After completing this course, the participant should be able to:
The Institute for Advanced Medical Education is accredited by the Accreditation Council for Continuing Medical Education (ACCME) to provide continuing medical education for physicians.
The Institute for Advanced Medical Education designates this enduring material for a maximum of 1 AMA PRA Category 1 Credit™. Physicians should only claim credit commensurate with the extent of their participation in the activity.
These credits are accepted by the American Registry for Diagnostic Medical Sonography (ARDMS).
For information on applicability and acceptance of continuing education credit for this activity, please consult your professional licensing board or other credentialing organization.
In order to complete this program you must have a computer with a recent browser version. You must also have the capability to display and print PDF files in order to view and print out your certificate. (Note: Your CME certificate is stored in your account and is available at any time.)
For any questions or problems concerning this program or for problems related to the printing of the certificate, please contact IAME at 802-824-4433 or email@example.com .
This activity is designed to be completed within the time designated. To successfully earn credit, participants must complete the activity during the valid credit period. To receive AMA PRA Category 1 Credit™, you must receive a minimum score of 70% on the post-test.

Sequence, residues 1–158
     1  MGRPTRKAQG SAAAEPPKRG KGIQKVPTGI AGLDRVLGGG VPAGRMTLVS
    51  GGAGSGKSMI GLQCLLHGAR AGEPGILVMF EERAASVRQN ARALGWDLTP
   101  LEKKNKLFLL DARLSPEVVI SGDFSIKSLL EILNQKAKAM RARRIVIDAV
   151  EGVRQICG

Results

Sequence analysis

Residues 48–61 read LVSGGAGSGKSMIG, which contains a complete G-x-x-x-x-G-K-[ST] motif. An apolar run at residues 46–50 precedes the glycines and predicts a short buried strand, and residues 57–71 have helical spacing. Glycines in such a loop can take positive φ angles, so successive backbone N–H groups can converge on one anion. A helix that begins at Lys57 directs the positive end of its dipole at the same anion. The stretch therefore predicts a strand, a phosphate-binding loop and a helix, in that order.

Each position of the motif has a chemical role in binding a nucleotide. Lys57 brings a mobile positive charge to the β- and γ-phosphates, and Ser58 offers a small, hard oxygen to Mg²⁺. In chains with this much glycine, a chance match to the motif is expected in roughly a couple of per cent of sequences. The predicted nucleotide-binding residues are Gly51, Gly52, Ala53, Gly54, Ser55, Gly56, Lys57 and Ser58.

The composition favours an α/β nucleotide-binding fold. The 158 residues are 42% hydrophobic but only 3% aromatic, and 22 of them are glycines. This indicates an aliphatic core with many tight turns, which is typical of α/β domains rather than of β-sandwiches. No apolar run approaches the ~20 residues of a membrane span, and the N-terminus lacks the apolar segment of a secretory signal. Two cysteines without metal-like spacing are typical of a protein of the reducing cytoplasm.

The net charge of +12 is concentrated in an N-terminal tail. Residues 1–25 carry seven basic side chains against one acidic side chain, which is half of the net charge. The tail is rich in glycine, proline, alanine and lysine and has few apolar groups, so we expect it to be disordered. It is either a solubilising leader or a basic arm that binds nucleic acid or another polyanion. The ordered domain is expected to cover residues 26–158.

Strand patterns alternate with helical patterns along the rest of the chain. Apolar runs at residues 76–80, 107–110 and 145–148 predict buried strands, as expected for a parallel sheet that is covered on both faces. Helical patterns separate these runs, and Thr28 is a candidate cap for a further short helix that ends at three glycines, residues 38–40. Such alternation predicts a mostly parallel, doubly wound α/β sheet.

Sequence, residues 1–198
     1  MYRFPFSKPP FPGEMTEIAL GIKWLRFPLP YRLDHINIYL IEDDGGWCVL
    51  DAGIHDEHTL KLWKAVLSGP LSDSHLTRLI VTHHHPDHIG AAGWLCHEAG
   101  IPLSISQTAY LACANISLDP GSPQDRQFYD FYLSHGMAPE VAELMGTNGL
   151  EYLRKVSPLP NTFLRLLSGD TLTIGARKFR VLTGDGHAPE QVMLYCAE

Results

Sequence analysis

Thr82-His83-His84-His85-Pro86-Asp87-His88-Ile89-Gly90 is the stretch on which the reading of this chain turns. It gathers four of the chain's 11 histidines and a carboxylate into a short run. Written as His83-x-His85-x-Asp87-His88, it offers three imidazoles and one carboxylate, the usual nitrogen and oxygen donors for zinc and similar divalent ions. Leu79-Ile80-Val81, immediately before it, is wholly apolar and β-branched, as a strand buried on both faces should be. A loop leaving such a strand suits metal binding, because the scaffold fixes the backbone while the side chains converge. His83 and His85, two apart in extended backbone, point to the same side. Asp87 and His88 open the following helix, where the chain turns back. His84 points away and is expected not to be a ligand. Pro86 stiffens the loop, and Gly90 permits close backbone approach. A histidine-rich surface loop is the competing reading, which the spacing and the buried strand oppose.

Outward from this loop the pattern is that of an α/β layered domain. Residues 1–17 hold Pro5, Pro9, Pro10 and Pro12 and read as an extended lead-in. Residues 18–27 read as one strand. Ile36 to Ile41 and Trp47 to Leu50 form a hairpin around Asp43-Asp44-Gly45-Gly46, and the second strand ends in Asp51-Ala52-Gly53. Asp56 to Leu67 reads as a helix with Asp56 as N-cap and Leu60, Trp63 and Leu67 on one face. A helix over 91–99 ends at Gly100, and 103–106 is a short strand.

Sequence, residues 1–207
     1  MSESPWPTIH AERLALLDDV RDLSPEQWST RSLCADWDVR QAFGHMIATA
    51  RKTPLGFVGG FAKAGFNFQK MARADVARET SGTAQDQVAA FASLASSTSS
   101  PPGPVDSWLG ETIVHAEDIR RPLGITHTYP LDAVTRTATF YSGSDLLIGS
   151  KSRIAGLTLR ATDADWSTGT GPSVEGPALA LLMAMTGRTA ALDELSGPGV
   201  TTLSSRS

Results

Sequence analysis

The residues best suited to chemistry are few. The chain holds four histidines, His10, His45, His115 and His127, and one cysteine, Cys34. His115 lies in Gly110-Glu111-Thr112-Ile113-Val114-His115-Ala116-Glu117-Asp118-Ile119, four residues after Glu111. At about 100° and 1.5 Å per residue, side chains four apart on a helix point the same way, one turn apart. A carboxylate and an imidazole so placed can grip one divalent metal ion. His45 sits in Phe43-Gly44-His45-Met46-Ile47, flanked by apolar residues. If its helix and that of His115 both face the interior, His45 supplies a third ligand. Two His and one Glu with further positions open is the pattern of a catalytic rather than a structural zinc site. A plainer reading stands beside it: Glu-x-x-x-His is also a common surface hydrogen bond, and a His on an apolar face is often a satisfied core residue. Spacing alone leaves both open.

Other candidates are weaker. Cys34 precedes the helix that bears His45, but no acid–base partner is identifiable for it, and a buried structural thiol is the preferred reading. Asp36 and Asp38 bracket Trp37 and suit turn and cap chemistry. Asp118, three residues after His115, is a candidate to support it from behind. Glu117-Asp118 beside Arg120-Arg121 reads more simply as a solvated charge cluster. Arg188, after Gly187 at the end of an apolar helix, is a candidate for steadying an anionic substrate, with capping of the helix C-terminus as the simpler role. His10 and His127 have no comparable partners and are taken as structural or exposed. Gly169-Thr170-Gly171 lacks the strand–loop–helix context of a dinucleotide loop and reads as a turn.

Follow these steps to earn CME credit:
Your CME credits will be archived in the account you create and can be accessed at any time.
Estimated Time for Completion: approximately 1 hour
Date of Release and Review: February 3, 2014, January 15, 2017
Expiration Date: January 31, 2020
In compliance with the Essentials and Standards of the ACCME, the author of this CME tutorial is required to disclose any significant financial or other relationships they may have with commercial interests.
Dr. Lyndon Hill discloses no relevant financial interests with commercial interests.
No one at IAME who had control over the planning or content of this activity has relationships with commercial interests.
The Dandy-Walker complex consists of the classic Dandy-Walker malformation (DWM), Dandy-Walker variants, and a mega cisterna magna.
The characteristic findings with a Dandy-Walker malformation (Fig. 1) consists of an enlarged cisterna magna, an absent cerebellar vermis, and superior displacement of the tentorium (Fig. 2)1. Although ventriculomegaly is present in the majority of cases of DWM, it is not required for the diagnosis2. Ventriculomegaly often develops postnatally3.